Papal visit: thousands protest against Pope in London
Protesters are expected to march to Downing Street
Thousands are marching in London to protest against the Pope's visit.
Organisers of the Protest the Pope event say they want to highlight his stance on controversial subjects, including the ordination of women.
Sex abuse and Catholic opposition to contraception have also been criticised.
The march set off towards Whitehall where a rally will be held with speakers including human rights activist Peter Tatchell.
The event took place as Catholics gathered in Hyde Park for an evening prayer vigil led by the Pope.
Organisers say 11,000 people took part in the rally; however, police say they are unable to confirm this figure.
Among the protesters was comedian Al Murray.
He said: "Like a lot of people I am a perplexed that it is a state visit.
"The Pope's opposition to condoms kills people. It is all very well him lecturing us on morals but he should look at his own organisation's view."
Speakers at the rally included the human rights lawyer Geoffrey Robertson and atheist scientist and author of The God Delusion, Richard Dawkins.
On its website, Protest The Pope says it opposes Pope Benedict's state visit because "he is going to use (it) to tell us how we all should live and to interfere in our laws. No other head of state would be allowed to do this".
In particular, the movement criticises the Vatican for:
- "opposing the distribution of condoms and so increasing large families in poor countries and the spread of Aids"
- "promoting segregated education"
- "denying abortion to even the most vulnerable women"
- "opposing Lesbian, Gay, Bisexual and Transgender rights, including universal decriminalisation of homosexuality"
- "failing to address the many cases of abuse of children within its own organisation"
While accepting Pope Benedict's right to visit the UK and to address his supporters, the Protest The Pope campaign opposes the fact that it is, in part, financed by UK taxpayers.
'Critical of policies'
Actor Sir Ian McKellen took part in the protest
Mr Tatchell told the BBC News Channel: "We profoundly disagree with the Pope's opposition to women's rights, gay equality and the use of condoms to prevent the spread of HIV.
"This is not an attack on Catholic people or the Catholic faith. We are critical of certain policies of the Pope.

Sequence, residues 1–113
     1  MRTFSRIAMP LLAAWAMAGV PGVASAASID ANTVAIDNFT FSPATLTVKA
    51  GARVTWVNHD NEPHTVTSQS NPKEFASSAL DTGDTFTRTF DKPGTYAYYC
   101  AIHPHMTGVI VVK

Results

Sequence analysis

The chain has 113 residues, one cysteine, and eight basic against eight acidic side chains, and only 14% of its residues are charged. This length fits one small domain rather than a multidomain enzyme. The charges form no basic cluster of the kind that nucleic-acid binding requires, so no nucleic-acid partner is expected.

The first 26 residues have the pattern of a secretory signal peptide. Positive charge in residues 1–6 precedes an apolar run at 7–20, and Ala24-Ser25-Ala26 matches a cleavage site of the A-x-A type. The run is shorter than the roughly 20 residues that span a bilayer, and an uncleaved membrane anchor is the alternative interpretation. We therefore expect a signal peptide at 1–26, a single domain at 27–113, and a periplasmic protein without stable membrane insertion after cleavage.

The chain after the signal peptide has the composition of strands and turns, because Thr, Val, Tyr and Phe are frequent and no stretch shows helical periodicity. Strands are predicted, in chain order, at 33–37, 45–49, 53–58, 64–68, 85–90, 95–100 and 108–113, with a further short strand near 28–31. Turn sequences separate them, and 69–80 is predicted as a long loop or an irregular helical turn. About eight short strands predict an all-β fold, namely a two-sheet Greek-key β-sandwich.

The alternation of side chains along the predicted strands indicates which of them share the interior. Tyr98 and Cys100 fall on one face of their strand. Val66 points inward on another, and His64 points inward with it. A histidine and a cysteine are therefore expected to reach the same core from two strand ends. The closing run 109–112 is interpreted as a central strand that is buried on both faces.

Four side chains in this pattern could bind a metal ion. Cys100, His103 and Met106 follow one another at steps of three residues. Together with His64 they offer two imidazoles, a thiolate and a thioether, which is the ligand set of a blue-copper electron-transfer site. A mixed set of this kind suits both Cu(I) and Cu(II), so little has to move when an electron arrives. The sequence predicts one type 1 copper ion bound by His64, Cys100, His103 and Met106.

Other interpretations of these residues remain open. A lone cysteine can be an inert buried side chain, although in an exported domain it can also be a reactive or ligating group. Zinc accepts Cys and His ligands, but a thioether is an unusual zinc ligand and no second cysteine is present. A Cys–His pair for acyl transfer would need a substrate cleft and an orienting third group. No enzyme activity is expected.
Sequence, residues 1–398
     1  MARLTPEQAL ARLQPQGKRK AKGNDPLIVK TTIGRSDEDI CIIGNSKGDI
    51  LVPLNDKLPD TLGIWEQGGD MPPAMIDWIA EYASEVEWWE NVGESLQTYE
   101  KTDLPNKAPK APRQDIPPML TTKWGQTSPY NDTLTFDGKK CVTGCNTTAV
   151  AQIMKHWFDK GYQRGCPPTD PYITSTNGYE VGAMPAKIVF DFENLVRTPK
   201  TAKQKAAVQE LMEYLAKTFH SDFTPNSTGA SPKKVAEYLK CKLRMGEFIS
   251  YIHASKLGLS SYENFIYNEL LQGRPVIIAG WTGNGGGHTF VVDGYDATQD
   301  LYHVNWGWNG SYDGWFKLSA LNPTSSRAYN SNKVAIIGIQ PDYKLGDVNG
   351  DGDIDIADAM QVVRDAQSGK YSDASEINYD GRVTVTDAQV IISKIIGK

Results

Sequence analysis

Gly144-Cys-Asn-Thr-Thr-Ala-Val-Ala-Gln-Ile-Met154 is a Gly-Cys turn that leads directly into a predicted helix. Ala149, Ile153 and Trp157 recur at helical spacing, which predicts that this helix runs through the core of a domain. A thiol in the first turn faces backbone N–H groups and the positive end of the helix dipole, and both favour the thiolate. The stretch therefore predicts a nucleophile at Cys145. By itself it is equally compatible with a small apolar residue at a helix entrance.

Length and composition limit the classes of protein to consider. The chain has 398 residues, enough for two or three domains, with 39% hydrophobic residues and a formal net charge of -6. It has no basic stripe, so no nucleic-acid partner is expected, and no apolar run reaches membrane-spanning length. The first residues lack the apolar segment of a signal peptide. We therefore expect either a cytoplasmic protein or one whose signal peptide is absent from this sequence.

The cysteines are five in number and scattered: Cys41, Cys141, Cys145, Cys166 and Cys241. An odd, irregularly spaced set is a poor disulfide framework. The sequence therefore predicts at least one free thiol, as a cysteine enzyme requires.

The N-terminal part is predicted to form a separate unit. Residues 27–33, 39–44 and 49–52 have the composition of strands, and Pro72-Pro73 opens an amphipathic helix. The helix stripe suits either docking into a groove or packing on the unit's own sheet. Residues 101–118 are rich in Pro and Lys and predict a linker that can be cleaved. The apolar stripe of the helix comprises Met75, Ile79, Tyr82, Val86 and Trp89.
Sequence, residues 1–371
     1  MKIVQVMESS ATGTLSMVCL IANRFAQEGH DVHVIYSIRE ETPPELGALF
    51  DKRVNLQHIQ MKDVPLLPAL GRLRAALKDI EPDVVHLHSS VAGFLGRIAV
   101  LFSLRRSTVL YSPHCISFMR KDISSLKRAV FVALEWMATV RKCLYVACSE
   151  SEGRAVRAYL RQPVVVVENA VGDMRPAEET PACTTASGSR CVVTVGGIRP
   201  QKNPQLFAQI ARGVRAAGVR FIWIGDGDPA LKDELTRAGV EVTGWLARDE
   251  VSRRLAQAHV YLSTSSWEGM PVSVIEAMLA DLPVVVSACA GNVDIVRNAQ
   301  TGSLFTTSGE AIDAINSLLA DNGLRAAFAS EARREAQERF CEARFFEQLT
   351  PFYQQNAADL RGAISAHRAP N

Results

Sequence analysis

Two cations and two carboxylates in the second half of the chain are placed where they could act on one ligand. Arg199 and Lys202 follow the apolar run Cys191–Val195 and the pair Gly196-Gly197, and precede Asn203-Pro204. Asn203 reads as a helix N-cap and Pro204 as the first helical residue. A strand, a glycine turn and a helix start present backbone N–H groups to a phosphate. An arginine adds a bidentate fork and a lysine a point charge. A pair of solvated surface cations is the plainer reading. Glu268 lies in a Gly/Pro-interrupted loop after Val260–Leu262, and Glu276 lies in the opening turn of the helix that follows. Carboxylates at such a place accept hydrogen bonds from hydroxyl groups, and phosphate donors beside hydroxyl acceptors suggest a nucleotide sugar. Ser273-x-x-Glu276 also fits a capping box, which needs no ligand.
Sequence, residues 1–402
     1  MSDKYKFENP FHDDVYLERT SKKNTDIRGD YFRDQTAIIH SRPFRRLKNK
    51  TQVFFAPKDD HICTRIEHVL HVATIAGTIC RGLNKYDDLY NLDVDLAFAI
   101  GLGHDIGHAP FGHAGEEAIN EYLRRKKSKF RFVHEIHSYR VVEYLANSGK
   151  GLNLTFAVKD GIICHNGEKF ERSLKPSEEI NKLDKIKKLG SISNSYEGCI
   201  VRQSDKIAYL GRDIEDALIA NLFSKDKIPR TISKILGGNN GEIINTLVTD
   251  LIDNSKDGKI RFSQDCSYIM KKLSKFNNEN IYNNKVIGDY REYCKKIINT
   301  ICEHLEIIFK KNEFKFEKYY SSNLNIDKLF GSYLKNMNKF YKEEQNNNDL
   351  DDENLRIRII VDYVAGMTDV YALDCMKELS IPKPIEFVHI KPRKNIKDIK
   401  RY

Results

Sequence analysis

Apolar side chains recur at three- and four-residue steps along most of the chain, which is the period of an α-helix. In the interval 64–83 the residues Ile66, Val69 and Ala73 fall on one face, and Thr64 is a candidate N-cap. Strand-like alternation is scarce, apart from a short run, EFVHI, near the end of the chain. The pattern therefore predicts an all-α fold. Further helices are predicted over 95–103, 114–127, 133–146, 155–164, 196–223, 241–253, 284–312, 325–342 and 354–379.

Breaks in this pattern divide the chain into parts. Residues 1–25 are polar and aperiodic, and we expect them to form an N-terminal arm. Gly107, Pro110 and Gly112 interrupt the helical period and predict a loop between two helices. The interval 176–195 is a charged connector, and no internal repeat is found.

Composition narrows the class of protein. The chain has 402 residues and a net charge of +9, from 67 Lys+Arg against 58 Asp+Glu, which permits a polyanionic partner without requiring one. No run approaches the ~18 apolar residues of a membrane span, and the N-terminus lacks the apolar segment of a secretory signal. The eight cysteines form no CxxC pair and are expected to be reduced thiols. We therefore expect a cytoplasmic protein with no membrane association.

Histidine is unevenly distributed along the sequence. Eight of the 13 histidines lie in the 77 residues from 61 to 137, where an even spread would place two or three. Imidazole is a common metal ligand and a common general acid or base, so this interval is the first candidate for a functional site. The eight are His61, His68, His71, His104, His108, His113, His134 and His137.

"When he says no woman is fit to be a priest, that's an insult to the whole of female humanity.
"When he says a husband must not use a condom to protect his wife from infection - even if he has HIV - that's irresponsible.
"And when he says that all gay people possess a tendency towards evil, that flies in the face of the Christian gospel of love and compassion.
"We know that many Catholics share our concerns. Only 5% of Catholics in this country agree with the Pope's ban on contraception. Only 11% of Catholics think that homosexuality is morally wrong.
"So there is a great depth of Catholic opinion which is in disagreement with this Pope and we support those Catholic people."
'Accept traditional values'
In response to the Pope's public apology over child abuse within the Catholic Church made during a Mass at Westminster Cathedral, Mr Tatchell said: "The Pope keeps on apologising for the failings of everyone but himself."
Ahead of the march, protesters heard from a victim of clerical sex abuse.
Sue Cox, 63, from Gaydon, Warwickshire, told the gathered crowds that the Pope's visit was "egotistical, arrogant and selfish".
She said: "How dare he suggest that secularism does not accept or tolerate traditional values?"
She added that her own experience from the Catholic Church was "pain, anger, fear, terror, disgust, lies, shame, violence, sneering, disdain, and disempowerment."
John Hide, one of the people attending the protest, told BBC News: "I am very much against the taxpayer having to pay for the Pope's visit.
"I have also just found out that the Queen has to wear black when she meets the Pope as a sign of deference. That is incredible."
Father Christopher Jamieson, a Benedictine monk and the director of the Catholic Church's National Office for Vocation, said the protest was part of living in a democratic country.
He said people had every right to protest but "we feel he has been received very fairly and very warmly.
"It's been a great affirmation not only for the Holy Father and church, but also for the country, that it's political system is so capable of welcoming into the political platform a religious voice whose voice is not always welcomed to all parts of society.
"That too is a great expression of democracy."
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